Book excerpt: Firewalls and Internet Security

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But there is a threat lurking here. If an attacker can predict the target's choice of starting points -- and Morris showed that this was indeed possible under certain circumstances [Morris, 1985; Bellovin, 1989] -- then it is possible for the attacker to trick the target into believing that it is talking to a trusted machine. In that case, protocols that depend on the IP source address for authentication (e.g., the "r" commands discussed later) can be exploited to penetrate the target system. This is known as a sequence number attack.

Two further points are worth noting. First, Morris's attack depended in part on being able to create a legitimate connection to the target machine. If those are blocked, perhaps by a firewall, the attack would not succeed. Conversely, a gateway machine that extends too much trust to inside machines may be vulnerable, depending on the exact configuration involved.

Second, the concept of a sequence number attack can be generalized. Many protocols other than TCP are vulnerable [Bellovin, 1989]. In fact, TCP's three-way handshake at connection establishment time provides more protection than do some other protocols. The hacker community started using this attack in late 1995 [Shimomura, 1996], and it is quite common now (see CERT Advisory CA-95.01 and CERT Advisory CA-96.21).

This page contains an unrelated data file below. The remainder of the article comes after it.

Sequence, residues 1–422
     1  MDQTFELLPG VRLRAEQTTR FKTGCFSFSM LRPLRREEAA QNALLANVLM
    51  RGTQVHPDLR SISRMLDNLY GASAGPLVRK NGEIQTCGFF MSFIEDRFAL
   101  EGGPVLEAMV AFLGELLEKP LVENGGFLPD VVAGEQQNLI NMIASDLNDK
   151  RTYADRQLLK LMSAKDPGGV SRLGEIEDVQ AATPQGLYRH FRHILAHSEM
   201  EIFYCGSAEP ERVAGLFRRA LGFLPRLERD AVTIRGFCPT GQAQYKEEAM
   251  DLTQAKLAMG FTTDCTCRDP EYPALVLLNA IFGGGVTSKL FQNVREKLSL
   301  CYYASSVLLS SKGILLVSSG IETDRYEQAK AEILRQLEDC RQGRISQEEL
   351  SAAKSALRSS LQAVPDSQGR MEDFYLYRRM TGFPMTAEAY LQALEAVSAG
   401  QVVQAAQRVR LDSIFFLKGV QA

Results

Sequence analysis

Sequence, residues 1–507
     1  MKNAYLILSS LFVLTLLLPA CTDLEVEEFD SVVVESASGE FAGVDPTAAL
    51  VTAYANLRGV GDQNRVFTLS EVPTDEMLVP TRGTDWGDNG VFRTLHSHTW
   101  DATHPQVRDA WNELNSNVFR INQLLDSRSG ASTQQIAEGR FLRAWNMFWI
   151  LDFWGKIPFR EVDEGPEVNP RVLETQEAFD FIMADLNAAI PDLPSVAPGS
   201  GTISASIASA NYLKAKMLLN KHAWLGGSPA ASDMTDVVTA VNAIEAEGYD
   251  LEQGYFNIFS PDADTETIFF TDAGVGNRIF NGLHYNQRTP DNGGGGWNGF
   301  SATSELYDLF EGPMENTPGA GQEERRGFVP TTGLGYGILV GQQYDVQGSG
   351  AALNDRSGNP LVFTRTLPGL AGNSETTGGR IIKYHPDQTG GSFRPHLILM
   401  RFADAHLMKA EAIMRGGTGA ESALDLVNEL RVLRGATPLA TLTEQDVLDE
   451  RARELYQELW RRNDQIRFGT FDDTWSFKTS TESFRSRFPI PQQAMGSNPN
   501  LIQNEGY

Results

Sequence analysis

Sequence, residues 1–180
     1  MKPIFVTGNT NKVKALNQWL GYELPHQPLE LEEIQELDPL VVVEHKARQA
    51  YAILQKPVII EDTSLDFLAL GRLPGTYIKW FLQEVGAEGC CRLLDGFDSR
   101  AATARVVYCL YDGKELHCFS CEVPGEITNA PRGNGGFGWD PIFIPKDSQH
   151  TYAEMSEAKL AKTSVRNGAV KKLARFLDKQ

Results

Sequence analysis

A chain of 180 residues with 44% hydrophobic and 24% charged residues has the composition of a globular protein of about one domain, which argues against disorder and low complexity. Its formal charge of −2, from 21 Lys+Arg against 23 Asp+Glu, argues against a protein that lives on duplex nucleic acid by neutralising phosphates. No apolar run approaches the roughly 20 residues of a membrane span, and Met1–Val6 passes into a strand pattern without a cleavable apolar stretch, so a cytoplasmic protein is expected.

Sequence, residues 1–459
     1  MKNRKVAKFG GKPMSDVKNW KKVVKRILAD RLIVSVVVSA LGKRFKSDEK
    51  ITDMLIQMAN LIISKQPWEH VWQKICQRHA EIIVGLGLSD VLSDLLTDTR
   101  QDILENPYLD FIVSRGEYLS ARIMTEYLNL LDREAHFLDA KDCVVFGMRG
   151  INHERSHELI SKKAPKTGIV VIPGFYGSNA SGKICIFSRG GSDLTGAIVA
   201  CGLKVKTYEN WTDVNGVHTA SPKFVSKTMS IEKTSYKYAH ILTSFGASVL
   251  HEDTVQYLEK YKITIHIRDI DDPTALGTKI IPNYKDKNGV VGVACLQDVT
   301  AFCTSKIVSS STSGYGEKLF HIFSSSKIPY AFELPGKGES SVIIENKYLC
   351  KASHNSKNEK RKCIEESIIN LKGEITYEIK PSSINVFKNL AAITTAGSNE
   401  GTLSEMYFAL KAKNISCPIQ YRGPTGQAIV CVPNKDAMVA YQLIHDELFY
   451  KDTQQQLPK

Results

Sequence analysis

Many OS vendors have implemented various forms of randomization of the initial sequence number. The scheme described in [Bellovin, 1996] works; many other schemes are susceptible to statistical attacks (see CERT Advisory CA-2001-09). Michal Zalewski [2002] provided the clever visualizations of sequence number predictability shown in Figure 2.3. Simple patterns imply that the sequence number is easily predictable; diffuse clouds are what should be seen. It isn't that hard to get sequence number generation right, but as of this writing, most operating systems don't. With everything from cell phones to doorbells running an IP stack these days, perhaps it is time to update RFC 1123 [Braden, 1989a], including sample code, to get stuff like this right.

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Copyright © 2003 IDG Communications, Inc.

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